Today, as Haiti’s civil unrest dominates public media, it is hard to fathom that “Haiti” and “radical change” once existed in the same sentence. A Haiti free of disaster and political instability appears far from public imagination as conversations surrounding another military occupation emerge. For many years, the Western World has been fixated on how it can “fix” Haiti, ignoring its own responsibility for the country’s problems. As a Haitian-American and scholar of Haitian history, I find myself presented with the question “What is wrong with Haiti?” in conversations regarding Haiti’s history or its present situation.  These conversations usually end with me, a spirited junior scholar, sharing a bullet point list with extensive verbal footnotes, of all the reasons why this line of questioning is problematic. “Fixing” Haiti has led to U.S. military occupations, economic stagnation, extraction, a large Haitian departure from the island, and a dismissal of Haitians’ intellectual contributions to our current world. It was the work of pioneering Haitian sociologist Jean Casimir, followed by scholars including Brandon Byrd, Chelsea Steiber, and Mame-Fatou Niang, who engaged with his texts that taught me how global hegemonic structures oppressed Haitians and subverted Haiti’s sovereignty. Marlene Daut is one of these crucial scholars whose contagious passion for Haitian history fuels this groundbreaking account of Haitian intellectual history.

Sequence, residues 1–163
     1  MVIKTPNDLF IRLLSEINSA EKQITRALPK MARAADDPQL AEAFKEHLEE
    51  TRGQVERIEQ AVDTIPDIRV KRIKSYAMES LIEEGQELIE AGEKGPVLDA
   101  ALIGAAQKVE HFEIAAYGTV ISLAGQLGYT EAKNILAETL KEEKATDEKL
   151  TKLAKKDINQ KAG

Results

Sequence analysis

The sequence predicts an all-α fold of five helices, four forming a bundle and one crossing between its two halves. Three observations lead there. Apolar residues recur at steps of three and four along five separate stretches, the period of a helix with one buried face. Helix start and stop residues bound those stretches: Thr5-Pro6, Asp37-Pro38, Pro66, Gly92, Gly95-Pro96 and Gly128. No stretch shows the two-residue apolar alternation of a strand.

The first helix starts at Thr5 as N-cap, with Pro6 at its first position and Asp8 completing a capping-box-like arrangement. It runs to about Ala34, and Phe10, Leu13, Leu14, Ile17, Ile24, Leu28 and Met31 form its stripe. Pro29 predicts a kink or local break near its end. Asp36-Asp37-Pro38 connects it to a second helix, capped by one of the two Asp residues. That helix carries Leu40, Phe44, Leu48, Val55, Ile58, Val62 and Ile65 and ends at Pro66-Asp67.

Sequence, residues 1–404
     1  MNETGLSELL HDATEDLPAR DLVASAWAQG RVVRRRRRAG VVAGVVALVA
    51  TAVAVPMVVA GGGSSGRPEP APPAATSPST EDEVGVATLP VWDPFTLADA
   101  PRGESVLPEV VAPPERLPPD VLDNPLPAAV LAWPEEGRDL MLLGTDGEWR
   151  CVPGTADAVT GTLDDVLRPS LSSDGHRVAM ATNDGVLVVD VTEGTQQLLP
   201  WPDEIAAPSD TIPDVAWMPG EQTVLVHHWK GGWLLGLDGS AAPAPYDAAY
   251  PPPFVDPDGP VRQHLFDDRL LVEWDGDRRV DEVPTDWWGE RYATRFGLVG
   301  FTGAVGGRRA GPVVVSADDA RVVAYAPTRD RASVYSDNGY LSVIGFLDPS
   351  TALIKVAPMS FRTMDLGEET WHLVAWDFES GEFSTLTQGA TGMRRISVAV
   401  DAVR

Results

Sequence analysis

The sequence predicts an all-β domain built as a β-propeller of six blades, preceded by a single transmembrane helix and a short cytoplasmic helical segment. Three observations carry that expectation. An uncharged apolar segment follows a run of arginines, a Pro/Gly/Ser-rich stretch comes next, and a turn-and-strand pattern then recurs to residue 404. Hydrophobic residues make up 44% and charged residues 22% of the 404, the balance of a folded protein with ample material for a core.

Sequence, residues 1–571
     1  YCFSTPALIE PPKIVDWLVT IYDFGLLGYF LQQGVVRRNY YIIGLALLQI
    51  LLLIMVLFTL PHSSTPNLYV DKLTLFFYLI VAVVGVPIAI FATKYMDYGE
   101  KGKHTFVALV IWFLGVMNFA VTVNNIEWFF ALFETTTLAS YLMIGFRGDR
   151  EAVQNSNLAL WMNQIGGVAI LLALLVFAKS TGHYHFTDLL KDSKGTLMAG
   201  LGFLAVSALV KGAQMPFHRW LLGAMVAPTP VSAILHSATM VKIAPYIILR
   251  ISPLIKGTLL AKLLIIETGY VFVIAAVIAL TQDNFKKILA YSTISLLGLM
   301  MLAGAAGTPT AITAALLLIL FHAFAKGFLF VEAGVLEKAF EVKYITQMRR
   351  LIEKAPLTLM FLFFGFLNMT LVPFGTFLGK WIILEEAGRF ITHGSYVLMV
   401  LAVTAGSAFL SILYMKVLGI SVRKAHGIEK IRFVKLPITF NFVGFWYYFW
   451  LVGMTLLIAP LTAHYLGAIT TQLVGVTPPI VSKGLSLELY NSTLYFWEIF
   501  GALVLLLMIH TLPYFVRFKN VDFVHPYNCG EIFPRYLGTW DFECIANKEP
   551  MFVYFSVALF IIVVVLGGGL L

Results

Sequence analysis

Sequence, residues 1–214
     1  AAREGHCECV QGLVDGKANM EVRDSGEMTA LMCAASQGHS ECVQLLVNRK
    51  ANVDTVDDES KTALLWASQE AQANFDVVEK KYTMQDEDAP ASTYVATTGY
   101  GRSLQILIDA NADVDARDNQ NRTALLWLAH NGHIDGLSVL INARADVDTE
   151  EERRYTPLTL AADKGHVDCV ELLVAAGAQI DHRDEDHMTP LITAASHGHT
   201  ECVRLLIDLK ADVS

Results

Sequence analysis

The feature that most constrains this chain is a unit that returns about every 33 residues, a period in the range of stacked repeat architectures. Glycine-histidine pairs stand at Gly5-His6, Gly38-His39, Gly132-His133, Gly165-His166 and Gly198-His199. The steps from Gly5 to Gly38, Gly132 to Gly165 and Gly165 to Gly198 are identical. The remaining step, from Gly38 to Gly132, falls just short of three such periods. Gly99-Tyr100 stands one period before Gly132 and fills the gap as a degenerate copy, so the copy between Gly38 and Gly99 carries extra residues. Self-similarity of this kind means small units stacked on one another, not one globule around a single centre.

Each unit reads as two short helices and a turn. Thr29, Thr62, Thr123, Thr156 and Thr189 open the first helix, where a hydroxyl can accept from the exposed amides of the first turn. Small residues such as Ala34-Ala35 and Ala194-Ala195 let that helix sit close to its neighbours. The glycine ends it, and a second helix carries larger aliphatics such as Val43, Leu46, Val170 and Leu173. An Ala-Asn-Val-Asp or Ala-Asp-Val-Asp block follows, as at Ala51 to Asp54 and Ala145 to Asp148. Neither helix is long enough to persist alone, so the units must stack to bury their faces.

Awakening the Ashes tells the story of the Haitian Revolution through the commitments, arguments, and ideals of the Haitian revolutionaries themselves. According to Daut, Haitian revolutionaries, pamphleteers, historians, and politicians utilized the long history of Saint Domingue as they advocated for freedom. A conscious consideration of colonization and Indigenous and African enslavement shaped their vision of a liberated Haiti. When Haiti achieved independence in 1804, Haitian thinkers not only exhibited a commitment to freedom for all in Haiti but also pledged themselves to the formation of a historical narrative composed by Haitians concentrated on Black freedom and sovereignty. This Haitian-made intellectual milieu is evident in the extensive spread of newspapers, books, and pamphlets circulated throughout Haiti and examined by Daut. Daut argues that it was this devotion to Haitian history that “justif[ied], defend[ed], [and made known] the existence of Haiti [to] a world of slavery and colonialism.”